Dual Server Configuration Options

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Hi all,

My company has a HP Proliant ML150 tower server thats going to be a secondary domain controller on a new network/domain. We intend on purchasing a new box to be the primary domain controller. In our day to day business applications we use SQL Server, Active Directory, DHCP and DNS.

Once this new server is in and set we will be rebuilding the Proliant to act as a backup. However what we'd like to do is have them mirrored so in the event of a system critical failure on the new box, the Proliant could take over in the quickest timeframe and keep the business running whilst the new box is repaired.

What would be the best hardware or software configuration to allow this and what are things to be aware of when doing so? My MD suggested one RAID array to service both machines, but I see this as a single point of failure and not a clever idea.

Any suggestions would be great! Both boxes will be running Windows Server 2008 Standard with 25 user CALS.

Cheers.
 
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Assume you want this for a resilient SQL server? Having 2 domain controllers is your AD resilience. (i assume AD / SQL will all be on the same box?)

If you were to use the same set of disks then you would want a standby / recovery server. I haven't seen one of these in about 10 years, but you used to have identical hardware for both servers, if one server failed the other would be sitting at the bios screen ready to boot up and take control of the disks. It would automatically take over in the event of a problem, but if your disks become corrupt you are screwed.

You could build a SQL cluster, but you would need windows server 2008 enterprise for clustering.

2 options, both with cost!
 
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Hi showboat,

Thanks for the quick reply. We only actually use the free version of SQL Server (Express) as that's all our MIS requires. Also, yes, AD and SQL are on the same box.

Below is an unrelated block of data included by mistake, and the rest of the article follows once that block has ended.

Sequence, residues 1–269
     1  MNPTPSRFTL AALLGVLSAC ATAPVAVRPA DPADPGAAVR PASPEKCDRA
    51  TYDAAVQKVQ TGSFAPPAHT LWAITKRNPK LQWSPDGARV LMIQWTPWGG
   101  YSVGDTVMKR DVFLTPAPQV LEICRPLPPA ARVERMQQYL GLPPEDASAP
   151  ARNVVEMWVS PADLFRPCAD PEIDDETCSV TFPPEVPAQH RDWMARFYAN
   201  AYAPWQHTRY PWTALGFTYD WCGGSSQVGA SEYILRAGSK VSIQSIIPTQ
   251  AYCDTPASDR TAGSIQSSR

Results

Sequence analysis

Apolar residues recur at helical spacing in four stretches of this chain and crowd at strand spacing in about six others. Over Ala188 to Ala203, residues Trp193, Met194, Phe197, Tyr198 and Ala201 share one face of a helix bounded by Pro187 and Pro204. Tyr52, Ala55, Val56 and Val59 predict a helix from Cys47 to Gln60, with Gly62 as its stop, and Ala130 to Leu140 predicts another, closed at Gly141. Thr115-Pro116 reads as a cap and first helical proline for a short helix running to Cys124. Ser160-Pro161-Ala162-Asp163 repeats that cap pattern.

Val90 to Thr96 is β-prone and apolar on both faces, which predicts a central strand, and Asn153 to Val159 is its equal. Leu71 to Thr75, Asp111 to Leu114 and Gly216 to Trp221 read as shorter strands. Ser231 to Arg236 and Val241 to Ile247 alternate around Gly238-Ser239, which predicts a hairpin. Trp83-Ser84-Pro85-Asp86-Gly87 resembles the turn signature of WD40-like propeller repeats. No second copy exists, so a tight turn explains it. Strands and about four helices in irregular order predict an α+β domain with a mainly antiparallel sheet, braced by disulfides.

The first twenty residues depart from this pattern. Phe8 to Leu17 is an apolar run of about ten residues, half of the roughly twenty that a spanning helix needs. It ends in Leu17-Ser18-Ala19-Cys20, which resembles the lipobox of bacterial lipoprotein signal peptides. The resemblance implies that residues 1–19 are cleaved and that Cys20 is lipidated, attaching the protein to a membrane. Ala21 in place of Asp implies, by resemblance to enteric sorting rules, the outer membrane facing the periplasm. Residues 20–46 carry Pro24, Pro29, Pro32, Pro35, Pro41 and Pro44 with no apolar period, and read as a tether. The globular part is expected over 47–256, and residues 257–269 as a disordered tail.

My thoughts were replication of the databases onto the 2nd domain controller so in the event of the 1st DC going down we could re-link the client machines to the 2nd DC and away we go. We don't mind a bit of manual intervention (unless there is a hands-off option) we just want to plan ahead just incase.

On the server configuration front, you'd have separate RAID arrays in each DC correct? So effectively they're completely separate entities just both DC's on the same domain.

Cheers
 
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why not use DNS as a way for failover

so when secondary (backup) server is kicked into life, just change the DNS entry of the main serve to point to the second server - no other configuration required.
 
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Hi,

We will have DNS in failover yes, however that doesn't help the SQL situation?

Cheers.

If existing client use dns name for sql connectivity - then in your case - if server A dies and you bring server B up with the SQL database already replicated - you will just need to change DNS entry of server A to point to server B and on the client side - as the connection to the SQL server is going to Server A, which in turn would point to Server B - or am I misreading what your plan is.
 
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No that's already what I planned to do.

Have server replication on so A and B have the same data, then if server A goes down, point the clients to server B. I just wondered whether there was an automated solution to this?

Cheers.
 
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No that's already what I planned to do.

Have server replication on so A and B have the same data, then if server A goes down, point the clients to server B. I just wondered whether there was an automated solution to this?

Cheers.

Windows clustering or other hardware based clustering/failover, think F5 do a appliance box that does instant fail over without any intervention - not cheap.

only other what I can think of, but may be a bit extreme - is to run some king of perl script to monitor the servers/ports and if it fails then perform the dns change automatically.
 
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I would say go Virtual. Go with Windows Server 2008 R2 Enterprise as each license allows 1 physichal install and 4 virtuals.

So get a cheap cost effective iSCSI NAS like the QNAP 809U or smaller depending upon budget and data.

Then just setup 2 x Hyper-V Hosts in a Highly available cluster. Will work well and perform great with no intervention required at client side, and minimal work required on server side should any hardware fail as the VM's will move accross and keep on trucking.

D
 
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